Results showed that refugees face a difficult trade-off between living in a secure area and maintaining their quality of life. For instance, when it came to the war’s impact on school-going children, the school attendance ratio of Syrian children remained higher in Syria than it did in Lebanon or Jordan, mainly because many Syrian refugees had to adopt adverse coping strategies in their countries of asylum; Syrian girls dropped out of school to get married at a younger age and Syrian boys dropped out to bring extra income for their families’ survival. For these children, human capital accumulation stops when they leave school, with persistent effects on their lifetime well-being.
Nor did improving the conditions of refugees necessarily deter their return: refugees given one more meal per day were 15% more likely to return to Syria than others without. The best results—not only in terms of return but also in regard to the welfare of refugees, their hosts, and Syrians in Syria—was achieved when diversified policy tools were used, including assistance when returning home, service restoration, and support for host communities.
Mitigating the Regional Fallout of the Syrian Conflict
In June 2020, the World Bank released a Regional Economic and Social Impact Assessment, titled The Fallout of War, which analyzed the impact of the Syrian conflict on the Mashreq region quantitatively, and identified ways in which it had been manifested. The assessment concluded that the Syrian conflict broke down bilateral and transit trade routes, destabilized the region, and led to the largest displacement crisis since the Second World War. As a result, Syria’s neighbors faced the combination of a decrease in economic activity, deterioration in labor markets, and increase in poverty that would have overwhelmed even the world’s most advanced economies.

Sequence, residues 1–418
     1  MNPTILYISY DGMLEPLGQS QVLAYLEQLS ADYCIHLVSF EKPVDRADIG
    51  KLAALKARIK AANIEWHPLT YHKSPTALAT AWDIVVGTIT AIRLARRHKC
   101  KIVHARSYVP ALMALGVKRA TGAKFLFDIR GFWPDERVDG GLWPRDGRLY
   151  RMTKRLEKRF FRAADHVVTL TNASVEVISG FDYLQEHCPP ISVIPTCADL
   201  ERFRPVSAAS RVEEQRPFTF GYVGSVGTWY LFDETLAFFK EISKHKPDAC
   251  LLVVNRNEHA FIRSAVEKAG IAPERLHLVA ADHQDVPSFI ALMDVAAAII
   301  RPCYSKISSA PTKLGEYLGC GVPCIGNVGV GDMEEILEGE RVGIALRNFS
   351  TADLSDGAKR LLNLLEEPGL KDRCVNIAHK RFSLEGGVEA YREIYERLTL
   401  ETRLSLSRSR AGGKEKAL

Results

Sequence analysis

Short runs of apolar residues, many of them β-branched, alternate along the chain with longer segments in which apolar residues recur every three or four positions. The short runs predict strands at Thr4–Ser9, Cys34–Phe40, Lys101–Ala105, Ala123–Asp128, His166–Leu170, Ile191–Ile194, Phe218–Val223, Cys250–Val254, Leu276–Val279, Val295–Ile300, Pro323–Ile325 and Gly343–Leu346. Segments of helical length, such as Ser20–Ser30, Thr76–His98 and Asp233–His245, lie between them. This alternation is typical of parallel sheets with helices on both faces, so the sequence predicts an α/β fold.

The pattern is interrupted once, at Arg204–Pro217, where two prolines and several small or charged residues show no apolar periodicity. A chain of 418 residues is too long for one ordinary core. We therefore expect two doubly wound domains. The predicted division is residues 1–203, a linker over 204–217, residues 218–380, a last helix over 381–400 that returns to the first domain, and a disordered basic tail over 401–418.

The analysis also suggested that a number of persistent structural weaknesses in the region, including low or deteriorating institutional resilience, reduced the effectiveness of the mitigation policies put into place to deal with the impact of the Syrian crisis. Short-termism in policymaking propagated the shocks caused by the Syrian conflict, leading to costly and ineffective services, lost economic opportunities, and underfunded programs. The report advocated a fundamental shift from short-term mitigation policies to a medium-term regional strategy that would address structural problems. As countries in the Mashreq look toward recovery, policies are needed that take into account the region’s interconnectedness and seek to provide better prospects for people. An approach that addresses cross-boundary issues—including migration, trade, and infrastructure—will require local, regional, and international commitments.
In addition to producing analytical products that inform policies, the World Bank also collaborates with a wide range of partners and international financial institutions to help Syrian refugees and their regional hosts. The Global Concessional Financing Facility offers middle-income countries with large numbers of refugees favorable financing terms for development by combining grants from donors with loans from Multilateral Development Banks. To date, the World Bank has supported about US$3 billion worth of projects in Jordan and Lebanon (most on concessional terms) that directly address the impact of the Syrian refugee crisis by seeking to help both refugees and their host communities.
These projects support jobs, economic opportunities, health, education, and emergency services to shore up social resilience and local infrastructure. The World Bank also manages the Lebanon Syria Crisis Trust Fund, established in 2014 to provide grant financing to projects mitigating the impact of the Syrian crisis in Lebanon. The Fund is financed by the Bank’s State- and Peace-Building Trust Fund, as well as the United Kingdom, France, Norway, Finland, the Netherlands, Sweden, Switzerland, and Denmark. It has supported emergency projects improving education, health, and municipal services, and social safety nets.
Last Updated: Oct 20, 2022